White Australian Cattle Dog?

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The colour should be blue, blue-mottled or blue speckled with or without other markings. The permissible markings are black, blue or tan markings on the head, evenly distributed for preference. The forelegs tan midway up the legs and extending up the front to breast and throat, with tan on jaws; the hindquarters tan on inside of hindlegs, and the inside of thighs, showing down the front of the stifles and broadening out to the outside of the hindlegs from the hock to the toes. Tan undercoat is permissible on the body providing it does not show through the blue outer coat. Black markings on the body are not desirable.

Coat Color in Australian Cattle Dogs View Larger Image Although white is not mentioned in the standard, the “blue” colour is produced by a more or less even intermingling of black and white hairs in the outer coat giving the impression of bluish colour. Blue speckle is produced by small, irregular groups of light hair clustered together in strips distributed more or less evenly through the coat against a dark background. Blue mottle is fingertip sized dark spots usually from slightly less than 2cm up to approx 2.5cm against a light background. Absence of speckle is undesirable as are black hairs showing through the coats of red dogs. Some breeds have objectionable traits in their strains (Bull Terrier cross etc) and the colour helps as a guide to pedigree. If he is whitey-blue in colour he shows Dalmatian cross and is very likely to be kicked or gored, especially at night as stock can watch him much better; also he is more liable to go blind and deaf”.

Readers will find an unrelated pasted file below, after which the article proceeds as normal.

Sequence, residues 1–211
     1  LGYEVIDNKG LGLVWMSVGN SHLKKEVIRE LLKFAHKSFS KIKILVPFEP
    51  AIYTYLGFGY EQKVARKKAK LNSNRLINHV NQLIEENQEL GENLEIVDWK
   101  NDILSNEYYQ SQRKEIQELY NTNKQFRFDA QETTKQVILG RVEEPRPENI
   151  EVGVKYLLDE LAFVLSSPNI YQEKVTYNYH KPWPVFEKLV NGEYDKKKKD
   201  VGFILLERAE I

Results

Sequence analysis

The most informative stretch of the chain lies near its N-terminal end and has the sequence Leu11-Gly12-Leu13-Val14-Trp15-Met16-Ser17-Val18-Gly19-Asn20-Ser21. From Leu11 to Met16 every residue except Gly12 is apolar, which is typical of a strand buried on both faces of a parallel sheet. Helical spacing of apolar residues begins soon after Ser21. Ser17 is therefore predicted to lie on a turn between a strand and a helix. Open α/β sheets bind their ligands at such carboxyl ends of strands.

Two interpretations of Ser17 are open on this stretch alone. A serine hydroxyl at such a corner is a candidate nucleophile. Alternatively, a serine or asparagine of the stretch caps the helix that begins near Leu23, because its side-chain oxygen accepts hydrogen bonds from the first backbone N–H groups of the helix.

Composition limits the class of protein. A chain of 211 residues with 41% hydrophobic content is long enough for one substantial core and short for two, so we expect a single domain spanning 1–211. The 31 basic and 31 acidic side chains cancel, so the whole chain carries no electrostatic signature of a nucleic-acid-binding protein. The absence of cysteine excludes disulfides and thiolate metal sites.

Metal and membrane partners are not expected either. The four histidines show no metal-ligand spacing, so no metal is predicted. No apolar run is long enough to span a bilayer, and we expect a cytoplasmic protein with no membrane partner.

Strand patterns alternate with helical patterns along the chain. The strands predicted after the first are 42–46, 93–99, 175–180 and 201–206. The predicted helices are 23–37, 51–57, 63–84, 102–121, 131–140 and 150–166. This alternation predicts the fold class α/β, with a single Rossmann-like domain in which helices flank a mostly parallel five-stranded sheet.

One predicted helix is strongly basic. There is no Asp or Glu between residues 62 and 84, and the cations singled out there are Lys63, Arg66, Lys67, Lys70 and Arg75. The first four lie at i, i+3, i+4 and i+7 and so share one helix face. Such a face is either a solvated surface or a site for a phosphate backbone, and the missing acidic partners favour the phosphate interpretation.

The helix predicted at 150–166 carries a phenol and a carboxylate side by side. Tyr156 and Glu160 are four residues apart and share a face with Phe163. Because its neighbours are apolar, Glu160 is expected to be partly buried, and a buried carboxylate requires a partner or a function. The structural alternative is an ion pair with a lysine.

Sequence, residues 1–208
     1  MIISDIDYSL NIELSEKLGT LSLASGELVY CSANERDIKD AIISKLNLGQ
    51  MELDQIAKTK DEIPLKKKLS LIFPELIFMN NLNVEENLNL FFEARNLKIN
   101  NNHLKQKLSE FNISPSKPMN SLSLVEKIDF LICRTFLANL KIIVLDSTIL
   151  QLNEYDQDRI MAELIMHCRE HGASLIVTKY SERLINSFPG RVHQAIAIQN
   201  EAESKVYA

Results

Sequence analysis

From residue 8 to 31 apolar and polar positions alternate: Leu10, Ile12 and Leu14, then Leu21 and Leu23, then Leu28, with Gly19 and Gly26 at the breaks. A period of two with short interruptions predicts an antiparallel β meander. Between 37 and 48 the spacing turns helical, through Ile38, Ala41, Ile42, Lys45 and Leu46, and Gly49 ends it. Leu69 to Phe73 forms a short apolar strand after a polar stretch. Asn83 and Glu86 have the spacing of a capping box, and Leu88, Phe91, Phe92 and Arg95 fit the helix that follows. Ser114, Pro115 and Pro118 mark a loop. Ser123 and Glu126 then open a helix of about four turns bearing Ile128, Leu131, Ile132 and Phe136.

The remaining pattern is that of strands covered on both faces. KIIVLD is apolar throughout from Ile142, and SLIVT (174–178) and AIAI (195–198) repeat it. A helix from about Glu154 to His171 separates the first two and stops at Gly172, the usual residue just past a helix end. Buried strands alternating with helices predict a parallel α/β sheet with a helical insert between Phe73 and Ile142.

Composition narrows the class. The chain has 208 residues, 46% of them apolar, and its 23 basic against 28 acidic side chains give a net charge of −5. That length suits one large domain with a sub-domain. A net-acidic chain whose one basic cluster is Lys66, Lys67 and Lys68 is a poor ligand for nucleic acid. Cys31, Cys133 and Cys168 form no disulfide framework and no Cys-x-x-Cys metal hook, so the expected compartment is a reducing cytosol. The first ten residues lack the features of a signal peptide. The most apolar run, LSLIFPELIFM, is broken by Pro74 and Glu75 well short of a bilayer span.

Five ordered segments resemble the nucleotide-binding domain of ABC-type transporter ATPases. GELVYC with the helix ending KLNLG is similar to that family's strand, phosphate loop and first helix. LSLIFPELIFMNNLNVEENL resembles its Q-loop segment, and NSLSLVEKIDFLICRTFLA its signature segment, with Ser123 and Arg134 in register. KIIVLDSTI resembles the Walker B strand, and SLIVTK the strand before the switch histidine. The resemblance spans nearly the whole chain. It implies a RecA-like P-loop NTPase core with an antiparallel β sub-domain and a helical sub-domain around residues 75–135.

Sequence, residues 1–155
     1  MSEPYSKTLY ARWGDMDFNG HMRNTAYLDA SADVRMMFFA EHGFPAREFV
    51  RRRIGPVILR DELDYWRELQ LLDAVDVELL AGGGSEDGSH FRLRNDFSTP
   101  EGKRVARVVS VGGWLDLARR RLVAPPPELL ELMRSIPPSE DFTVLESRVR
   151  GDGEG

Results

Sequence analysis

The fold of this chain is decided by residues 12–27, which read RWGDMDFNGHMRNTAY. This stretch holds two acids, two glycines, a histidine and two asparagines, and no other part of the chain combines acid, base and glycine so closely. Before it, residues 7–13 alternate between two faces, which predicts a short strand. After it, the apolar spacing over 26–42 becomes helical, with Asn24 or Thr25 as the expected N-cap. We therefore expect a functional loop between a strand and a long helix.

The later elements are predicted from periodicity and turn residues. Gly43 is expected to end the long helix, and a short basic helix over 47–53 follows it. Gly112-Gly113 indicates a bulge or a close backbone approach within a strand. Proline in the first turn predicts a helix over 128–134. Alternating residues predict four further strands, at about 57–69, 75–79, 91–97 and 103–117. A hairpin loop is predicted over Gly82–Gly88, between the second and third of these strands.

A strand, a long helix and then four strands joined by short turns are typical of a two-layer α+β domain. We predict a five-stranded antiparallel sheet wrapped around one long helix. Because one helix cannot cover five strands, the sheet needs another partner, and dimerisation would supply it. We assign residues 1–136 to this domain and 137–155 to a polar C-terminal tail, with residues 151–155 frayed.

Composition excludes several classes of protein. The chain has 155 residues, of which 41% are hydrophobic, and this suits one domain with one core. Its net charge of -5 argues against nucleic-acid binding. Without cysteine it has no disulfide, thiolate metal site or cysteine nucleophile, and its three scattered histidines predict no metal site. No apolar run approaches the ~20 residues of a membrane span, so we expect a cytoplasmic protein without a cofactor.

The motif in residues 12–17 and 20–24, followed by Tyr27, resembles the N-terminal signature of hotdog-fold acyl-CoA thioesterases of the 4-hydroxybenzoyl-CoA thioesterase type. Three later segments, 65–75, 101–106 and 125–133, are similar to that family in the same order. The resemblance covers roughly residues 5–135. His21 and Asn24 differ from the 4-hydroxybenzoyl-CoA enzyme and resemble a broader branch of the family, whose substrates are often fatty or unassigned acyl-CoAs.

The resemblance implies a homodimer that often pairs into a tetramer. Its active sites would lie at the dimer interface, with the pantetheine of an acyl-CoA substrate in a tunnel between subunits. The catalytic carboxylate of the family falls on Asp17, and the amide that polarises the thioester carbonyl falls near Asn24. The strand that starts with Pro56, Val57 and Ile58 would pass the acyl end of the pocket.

Are there white Australian Cattle Dogs?

Interestingly all Australian Cattle Dogs, like Dalmatians, are born white and then develop their color as they mature. Like the Border Collie the Australian Cattle Dog is a high energy breed that needs lots of exercise per day and also needs a job to do to be happy.

Are there white cattle dogs?

Did you know? Both red heelers and blue heelers are born white, except for some solid-coloured areas or facial markings. As the puppies mature, the red or black hairs start growing in.

What colors are Australian Cattle Dogs?

The Australian Cattle Dog’s coloring is blue or red speckle. Blue or blue-mottled includes black, blue, or tan markings on the head; partially tan on the forelegs, chest, and throat; and tan on the jaw and hind legs. Sometimes the undercoat is tan with a blue outer coat.

Are Australian Cattle Dogs good dogs?

The Australian Cattle Dog: Family Dog and Intelligent Companion. Australian Cattle Dogs, also called Blue Heelers, are extremely alert, pleasant pups with keen intelligence and a fierce sense of loyalty. These faithful friends are not considered aggressive and can be an excellent fit for families with kids.

The Australian Cattle Dog (ACD), or simply Cattle Dog, is a breed of herding dog originally developed in Australia for droving cattle over long distances across rough terrain. This breed is a medium-sized, short-coated dog that occurs in two main colour forms. It has either brown or black hair distributed fairly evenly through a white coat, which gives the appearance of a “red” or “blue” dog.